The Griddled Mushroom is served with a poached egg. I sampled a mushroom before we broke the egg and it had a distinctly Asian sort of flavour, reminiscent of Chinese dishes I’ve had in the past. Once we popped the egg with a toothpick, the yolk just melted into the sauce that was already on the plate, creating a thicker base and a smooth consistency. The Popcorn Chicken was our second selection off the snack section of the menu. Arriving to the table in a cute bowl that looked like it was filled with chicken nuggets covered in Parmesan cheese, these turned out to be slightly elevated versions of the fast food classic. The whole meat pieces were lightly breaded and succulent. The shavings on top were not cheese, but actually popcorn. I personally think the flavour of the popcorn is lost when eaten with the meat, but I put a bit of the popcorn on my tongue and the buttery taste was unmistakable. This dish is a fun idea, but maybe it could be better executed to fully take advantage of the popcorn and chicken combination.

Rutabaga & Oxtail Tart

Rutabaga & Oxtail Tart

The Rutabaga & Oxtail Tart and Beer-Glazed Short Rib acted as our main course. The tart had a lovely flaky pastry base that was stable enough to hold the pureed rutabaga filling. The oxtail was cooked until it was fall apart tender. Topped with a salad of herbs, this dish had a great earthy flavour from the rutabaga, wonderful complementary textures and a nice herbaceousness that balanced well with what seemed like oxtail with lingering hints of booze from the cooking process (again, I’m guessing here).

Beer-Glazed Short Rib

Beer-Glazed Short Rib

Lastly, we had the short ribs. For a “small” plate, the portion size was massive. Served in a circular plate-bowl, the bottom was covered with navy beans, diced celery and carrots and bone marrow. Placed on top were two huge pieces of short rib still on the bone. We split each piece in half, and started working away. The short rib was quite good, but I would say that the slightly smaller of the two cuts of meat was overcooked a little. I also think that the ratio of beef to the accompaniments could have been better. It was just too much meat and not enough in the vegetable or legume department, and the overall flavour of this particular dish was lacking compared to everything else that evening, or, perhaps not lacking, but too one-noted after a couple dozen bites. I had also never tried bone marrow before, so I wasn’t sure what to expect in that regard. In my head, I pictured some sort of puree-like addition to the plate, but I think the marrow was, in fact, the fattier pieces found mixed in with the beans. It was an interesting addition, maybe a way to compensate for the short rib’s own lack of fattiness. I will say, however, that the short rib is a great value for the amount of food that you do get. If I ever were to try that one again, I would be sure to have more people to share it with as it was too much for just the two of us.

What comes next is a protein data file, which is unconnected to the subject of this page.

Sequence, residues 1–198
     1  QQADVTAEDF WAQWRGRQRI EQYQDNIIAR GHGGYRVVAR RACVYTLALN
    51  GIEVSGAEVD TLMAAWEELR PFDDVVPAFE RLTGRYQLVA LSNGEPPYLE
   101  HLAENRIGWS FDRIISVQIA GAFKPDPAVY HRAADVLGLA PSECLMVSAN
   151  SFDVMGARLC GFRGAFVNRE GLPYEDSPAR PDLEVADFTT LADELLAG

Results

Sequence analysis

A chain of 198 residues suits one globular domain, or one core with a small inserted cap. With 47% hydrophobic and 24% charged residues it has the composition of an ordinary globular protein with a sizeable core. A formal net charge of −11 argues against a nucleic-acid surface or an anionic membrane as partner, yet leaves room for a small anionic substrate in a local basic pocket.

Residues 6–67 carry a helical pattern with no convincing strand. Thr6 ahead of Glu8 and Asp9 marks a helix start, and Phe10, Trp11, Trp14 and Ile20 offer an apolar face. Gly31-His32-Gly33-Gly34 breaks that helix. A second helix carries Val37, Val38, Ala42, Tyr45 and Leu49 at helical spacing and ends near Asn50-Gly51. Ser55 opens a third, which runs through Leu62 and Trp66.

If you assumed we were finished after all of that food, you were wrong. There was no way we were leaving without trying some of the desserts this time around. At first, we were only going to order the Apple Tart, but the special for the evening, Pouding Chômeur, sounded too good to pass up.

I know that an apple tart seems like a pretty generic dessert. Many restaurants have something similar on their menus, but this one was unique in that it kind of pulled from the idea of a baked brie pastry, pairing tart apples with ice cream and a salty-sweet base of cheddar shortbread. I loved that you could taste each layer and that the cheddar actually came through.

Traditionally, Pouding Chômeur is made with the cake batter rising above a layer of caramel or syrup as it bakes, but at North 53 it was like a reverse Pouding Chômeur because the liquid remained at the top. My guess is this is due to their use of a dense shortbread in lieu of cake. The result was a piping hot, rich dessert with a dark chocolate center that helped to offset the sticky and sugary caramel topping. It was absolutely delicious, but probably best in smaller doses.

Personally, my feelings of North 53 are mixed. I think the eatery is still going through growing pains. I also really believe that they would benefit from increasing the size of their menu to include a few more vegetarian dishes that can be eaten as a main dish if someone wanted to choose a singular plate as their meal and not leave hungry. That being said, based on my two outings, I can see why North 53 was shortlisted for Enroute Magazine’s list of Canada’s Best New Restaurants for 2014 (of the two Edmonton restaurants vying for a spot, RGE RD was chosen in the end).

The slightly altered decor, which now gives the place a moodier vibe.

The slightly altered decor, which now gives the place a moodier vibe.